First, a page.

Shoving off from the home port, I sail to see what the working girls are doing where I get my morning cup of coffee. After drinking the first cup and upon the return trip home, the scared eyes of a young deer become fixed with my eyes. This young creature has been struck by a vehicle and is laying on the side of the road. Pulling back hard on the ponies the schooner comes to a sudden stop and the fancy flashing lights are employed. In the darkness I think the deer is a doe, but would later discover it's a buck. My mere presence is enough to cause the deer to stand and struggle to the nearby lawn, which is exactly what I wanted.
After examining the deer as best I could it was easy to see that both back legs are damaged with breaks - one being compound. Back in the schooner, leather is slapped hard on the ponies backside as I hurry to the bunkhouse to call authorities. The call is made and at this point I'm confident help will soon arrive.
Two hours later help has still not arrived except the kindness of two ladies that live next door to the scene of this sad event. They are sitting with the deer to keep it from struggling and offering caressing hands. People have went and got themselves in such a damn big hurry they can't even stop to see what they've done when they hit an animal. Sad damn commentary on some members of humankind. These two ladies made me remind myself there is still a lot of goodness in the world.
Once again I leave to make another call and this time I reach the game warden. As we are talking on the phone I hear a gunshot - the gunshot that ended the suffering. Thanking the game warden for his time the conversation ends and the rest of the day begins.
After the events of early morning I bandy about the house doing this and doing that. Forcing myself to the tying room a few flies are churned out, but most of the enthusiasm I usually have for tying was absent.
I deem it best that I simply shut down and let the mind rest.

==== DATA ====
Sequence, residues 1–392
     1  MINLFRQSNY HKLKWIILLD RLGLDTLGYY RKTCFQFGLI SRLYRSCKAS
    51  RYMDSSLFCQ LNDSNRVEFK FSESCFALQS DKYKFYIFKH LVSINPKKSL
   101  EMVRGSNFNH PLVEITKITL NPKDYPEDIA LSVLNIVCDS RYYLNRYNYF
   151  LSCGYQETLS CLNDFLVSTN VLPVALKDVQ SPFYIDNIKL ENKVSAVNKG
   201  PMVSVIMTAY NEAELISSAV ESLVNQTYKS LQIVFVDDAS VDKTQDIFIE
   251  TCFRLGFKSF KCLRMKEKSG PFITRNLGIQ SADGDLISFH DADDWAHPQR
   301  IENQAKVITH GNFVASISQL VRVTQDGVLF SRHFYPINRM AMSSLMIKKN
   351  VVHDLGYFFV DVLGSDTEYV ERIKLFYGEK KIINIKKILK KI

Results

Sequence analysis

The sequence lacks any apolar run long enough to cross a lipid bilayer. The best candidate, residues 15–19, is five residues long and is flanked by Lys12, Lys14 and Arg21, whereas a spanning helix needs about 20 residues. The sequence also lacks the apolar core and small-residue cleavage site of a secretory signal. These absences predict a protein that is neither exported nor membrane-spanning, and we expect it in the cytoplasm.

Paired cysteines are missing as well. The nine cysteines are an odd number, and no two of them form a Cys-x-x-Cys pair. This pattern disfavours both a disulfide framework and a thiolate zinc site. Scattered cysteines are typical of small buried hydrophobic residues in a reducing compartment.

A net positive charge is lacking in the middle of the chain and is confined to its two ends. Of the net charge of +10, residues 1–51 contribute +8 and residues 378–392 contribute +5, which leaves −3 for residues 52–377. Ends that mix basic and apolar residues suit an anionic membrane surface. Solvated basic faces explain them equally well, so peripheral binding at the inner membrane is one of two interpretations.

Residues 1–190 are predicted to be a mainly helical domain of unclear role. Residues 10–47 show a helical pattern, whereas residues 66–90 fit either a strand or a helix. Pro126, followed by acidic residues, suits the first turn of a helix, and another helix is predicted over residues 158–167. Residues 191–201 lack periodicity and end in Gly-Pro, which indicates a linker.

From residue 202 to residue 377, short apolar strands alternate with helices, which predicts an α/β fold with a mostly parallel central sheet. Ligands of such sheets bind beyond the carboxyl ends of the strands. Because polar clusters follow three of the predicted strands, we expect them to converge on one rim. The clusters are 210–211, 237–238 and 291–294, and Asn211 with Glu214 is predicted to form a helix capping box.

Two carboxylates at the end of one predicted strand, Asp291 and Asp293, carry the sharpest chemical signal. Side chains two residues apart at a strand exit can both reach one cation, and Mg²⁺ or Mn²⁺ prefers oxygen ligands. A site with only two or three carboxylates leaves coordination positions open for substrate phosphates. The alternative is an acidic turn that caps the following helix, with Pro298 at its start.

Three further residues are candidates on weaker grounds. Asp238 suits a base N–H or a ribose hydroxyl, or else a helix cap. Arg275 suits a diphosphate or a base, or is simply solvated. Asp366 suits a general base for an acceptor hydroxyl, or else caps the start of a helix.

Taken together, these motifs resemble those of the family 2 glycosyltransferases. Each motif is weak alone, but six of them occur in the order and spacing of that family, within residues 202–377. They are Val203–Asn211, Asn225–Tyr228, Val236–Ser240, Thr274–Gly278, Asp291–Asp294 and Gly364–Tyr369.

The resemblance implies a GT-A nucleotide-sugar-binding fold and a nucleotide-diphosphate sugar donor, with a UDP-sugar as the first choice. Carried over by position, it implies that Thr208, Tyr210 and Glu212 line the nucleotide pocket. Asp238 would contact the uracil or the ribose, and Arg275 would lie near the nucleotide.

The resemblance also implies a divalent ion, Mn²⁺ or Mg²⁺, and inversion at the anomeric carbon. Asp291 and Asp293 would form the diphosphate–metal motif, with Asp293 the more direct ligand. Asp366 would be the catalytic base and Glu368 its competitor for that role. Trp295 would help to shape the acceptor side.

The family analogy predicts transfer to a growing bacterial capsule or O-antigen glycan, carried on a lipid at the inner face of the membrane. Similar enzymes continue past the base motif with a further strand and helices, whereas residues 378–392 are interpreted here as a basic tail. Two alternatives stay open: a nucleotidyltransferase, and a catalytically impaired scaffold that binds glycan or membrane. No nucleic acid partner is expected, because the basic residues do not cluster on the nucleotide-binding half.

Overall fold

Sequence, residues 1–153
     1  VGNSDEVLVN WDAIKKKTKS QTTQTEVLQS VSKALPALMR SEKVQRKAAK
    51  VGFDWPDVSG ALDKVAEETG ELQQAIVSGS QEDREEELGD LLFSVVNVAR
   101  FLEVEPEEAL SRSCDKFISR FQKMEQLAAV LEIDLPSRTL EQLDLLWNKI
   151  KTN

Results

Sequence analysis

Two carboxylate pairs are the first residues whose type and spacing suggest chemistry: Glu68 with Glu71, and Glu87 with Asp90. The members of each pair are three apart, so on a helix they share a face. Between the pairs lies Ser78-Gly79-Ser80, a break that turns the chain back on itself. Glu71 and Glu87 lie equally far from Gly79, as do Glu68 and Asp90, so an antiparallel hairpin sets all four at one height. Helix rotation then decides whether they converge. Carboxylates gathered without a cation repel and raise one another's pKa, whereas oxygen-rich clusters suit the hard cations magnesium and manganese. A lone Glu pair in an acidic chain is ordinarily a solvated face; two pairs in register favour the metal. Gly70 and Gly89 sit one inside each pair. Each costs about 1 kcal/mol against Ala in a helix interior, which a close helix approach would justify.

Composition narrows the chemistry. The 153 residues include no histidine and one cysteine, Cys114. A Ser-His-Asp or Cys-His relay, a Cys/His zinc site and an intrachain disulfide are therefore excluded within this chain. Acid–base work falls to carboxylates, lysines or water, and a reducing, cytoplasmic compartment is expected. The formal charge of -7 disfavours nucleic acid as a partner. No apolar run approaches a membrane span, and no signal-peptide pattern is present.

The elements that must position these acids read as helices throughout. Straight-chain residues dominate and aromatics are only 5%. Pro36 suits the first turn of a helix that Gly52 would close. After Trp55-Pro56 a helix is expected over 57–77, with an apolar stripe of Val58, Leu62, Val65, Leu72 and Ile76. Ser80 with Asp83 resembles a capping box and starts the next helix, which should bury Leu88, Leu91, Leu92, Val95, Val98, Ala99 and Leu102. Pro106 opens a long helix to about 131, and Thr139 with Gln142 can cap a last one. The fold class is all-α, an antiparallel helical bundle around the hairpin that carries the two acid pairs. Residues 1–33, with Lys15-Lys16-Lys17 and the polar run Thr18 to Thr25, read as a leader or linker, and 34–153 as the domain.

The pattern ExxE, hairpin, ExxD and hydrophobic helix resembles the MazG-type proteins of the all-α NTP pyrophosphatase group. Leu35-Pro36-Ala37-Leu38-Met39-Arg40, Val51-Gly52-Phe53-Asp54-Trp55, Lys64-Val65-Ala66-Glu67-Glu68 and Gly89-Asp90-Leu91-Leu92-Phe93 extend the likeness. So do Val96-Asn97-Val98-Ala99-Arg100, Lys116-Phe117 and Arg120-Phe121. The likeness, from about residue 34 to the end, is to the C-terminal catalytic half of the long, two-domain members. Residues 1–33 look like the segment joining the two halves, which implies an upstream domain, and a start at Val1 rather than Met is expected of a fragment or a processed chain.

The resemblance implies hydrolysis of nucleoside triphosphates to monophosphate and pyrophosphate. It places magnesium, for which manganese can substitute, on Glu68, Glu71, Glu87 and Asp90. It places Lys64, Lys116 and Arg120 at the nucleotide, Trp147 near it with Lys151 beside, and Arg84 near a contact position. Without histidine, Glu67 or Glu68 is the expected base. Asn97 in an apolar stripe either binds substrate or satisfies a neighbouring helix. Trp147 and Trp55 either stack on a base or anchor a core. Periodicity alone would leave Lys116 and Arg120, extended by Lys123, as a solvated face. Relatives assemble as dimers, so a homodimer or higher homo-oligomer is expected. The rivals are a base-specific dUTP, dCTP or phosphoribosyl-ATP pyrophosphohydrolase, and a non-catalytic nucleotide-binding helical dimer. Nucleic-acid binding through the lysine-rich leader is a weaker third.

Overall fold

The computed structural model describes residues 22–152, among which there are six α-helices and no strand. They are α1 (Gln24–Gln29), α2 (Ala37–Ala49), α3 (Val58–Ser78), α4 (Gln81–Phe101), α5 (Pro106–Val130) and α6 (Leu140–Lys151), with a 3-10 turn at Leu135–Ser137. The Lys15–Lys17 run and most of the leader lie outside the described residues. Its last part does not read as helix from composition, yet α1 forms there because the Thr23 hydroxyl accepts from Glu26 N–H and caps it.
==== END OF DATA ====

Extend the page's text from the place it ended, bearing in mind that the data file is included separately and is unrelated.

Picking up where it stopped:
Around mid-afternoon I decide to hit the creek to at least see what the fish are up to. At the creek is my daughter and her husband Van and with them they have a young angler named Adam. Adam is wreaking havoc and laying waste on the perch. After watching Adam pluck perch left and right I decide to go upstream to see the other fish. About that time a dozen or so youngsters show up and go upstream ahead of me. They're eager to fish so the water is their water today as I go back to the prairie home.
This morning when I awoke there was once again the sound of rain. This morning the working girls snuck me in the coffee store early. Their kindness allowed me to get to the mercantile store an half hour early and therefore out of the store an half hour early.
Two weeks ago I told myself that carp season for me was pretty well over due to water conditions and searing temperatures coming around a second time. However, in the last week we've received four different rain events and it's been enough to increase flow and refresh the creek.
The carp gear is brought back out and I head for the creek. It's raining when I get to the edge of the creek and I should note for this journal that there are advantages to fly fishing for carp in the rain. The rain seems to bring the carp to the shallows to feed and this morning was no exception. The rain also seems to camouflage the angler by breaking up the clear, smooth surface of the creek.
In less than two minutes on the creek the first carp of the morning comes to hand. In the next two hours five more carp would come to hand with three other great opportunities being blown due to me trying to see the hook too early. The same fly, a Creek Critter, was used and it was the only pattern tried. Of all the Creek Critter's I have, this is the one I consider the chi Critter. Unfortunately, the fly is nearing retirement due to wear and tear.
|Chi Creek Critter|
It rained the entire time I was on the creek this morning. I left the creek wet from head to toe, but happier than a puppy with two tails.